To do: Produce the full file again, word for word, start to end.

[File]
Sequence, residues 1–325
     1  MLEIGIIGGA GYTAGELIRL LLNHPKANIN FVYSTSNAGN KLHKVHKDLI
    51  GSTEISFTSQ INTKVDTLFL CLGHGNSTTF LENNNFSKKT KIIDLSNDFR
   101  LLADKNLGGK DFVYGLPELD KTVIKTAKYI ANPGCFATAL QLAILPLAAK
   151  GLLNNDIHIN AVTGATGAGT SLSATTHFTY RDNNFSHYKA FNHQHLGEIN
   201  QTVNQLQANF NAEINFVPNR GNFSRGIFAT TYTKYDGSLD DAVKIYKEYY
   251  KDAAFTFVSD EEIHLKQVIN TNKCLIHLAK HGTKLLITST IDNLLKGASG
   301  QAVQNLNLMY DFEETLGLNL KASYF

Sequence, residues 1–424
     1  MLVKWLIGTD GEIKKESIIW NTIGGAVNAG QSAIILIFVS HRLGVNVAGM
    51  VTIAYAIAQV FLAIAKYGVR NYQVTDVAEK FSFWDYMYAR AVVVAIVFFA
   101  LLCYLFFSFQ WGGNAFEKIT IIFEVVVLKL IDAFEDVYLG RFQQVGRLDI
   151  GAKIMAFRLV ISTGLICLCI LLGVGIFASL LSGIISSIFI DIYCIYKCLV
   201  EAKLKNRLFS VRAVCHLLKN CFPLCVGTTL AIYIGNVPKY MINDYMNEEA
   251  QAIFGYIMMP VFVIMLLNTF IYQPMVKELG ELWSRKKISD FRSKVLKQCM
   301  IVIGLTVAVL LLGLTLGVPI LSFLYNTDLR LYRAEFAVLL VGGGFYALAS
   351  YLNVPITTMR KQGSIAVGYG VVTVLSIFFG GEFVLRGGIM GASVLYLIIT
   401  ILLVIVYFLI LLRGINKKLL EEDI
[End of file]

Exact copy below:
Sequence, residues 1–325
     1  MLEIGIIGGA GYTAGELIRL LLNHPKANIN FVYSTSNAGN KLHKVHKDLI
    51  GSTEISFTSQ INTKVDTLFL CLGHGNSTTF LENNNFSKKT KIIDLSNDFR
   101  LLADKNLGGK DFVYGLPELD KTVIKTAKYI ANPGCFATAL QLAILPLAAK
   151  GLLNNDIHIN AVTGATGAGT SLSATTHFTY RDNNFSHYKA FNHQHLGEIN
   201  QTVNQLQANF NAEINFVPNR GNFSRGIFAT TYTKYDGSLD DAVKIYKEYY
   251  KDAAFTFVSD EEIHLKQVIN TNKCLIHLAK HGTKLLITST IDNLLKGASG
   301  QAVQNLNLMY DFEETLGLNL KASYF

Sequence, residues 1–424
     1  MLVKWLIGTD GEIKKESIIW NTIGGAVNAG QSAIILIFVS HRLGVNVAGM
    51  VTIAYAIAQV FLAIAKYGVR NYQVTDVAEK FSFWDYMYAR AVVVAIVFFA
   101  LLCYLFFSFQ WGGNAFEKIT IIFEVVVLKL IDAFEDVYLG RFQQVGRLDI
   151  GAKIMAFRLV ISTGLICLCI LLGVGIFASL LSGIISSIFI DIYCIYKCLV
   201  EAKLKNRLFS VRAVCHLLKN CFPLCVGTTL AIYIGNVPKY MINDYMNEEA
   251  QAIFGYIMMP VFVIMLLNTF IYQPMVKELG ELWSRKKISD FRSKVLKQCM
   301  IVIGLTVAVL LLGLTLGVPI LSFLYNTDLR LYRAEFAVLL VGGGFYALAS
   351  YLNVPITTMR KQGSIAVGYG VVTVLSIFFG GEFVLRGGIM GASVLYLIIT
   401  ILLVIVYFLI LLRGINKKLL EEDI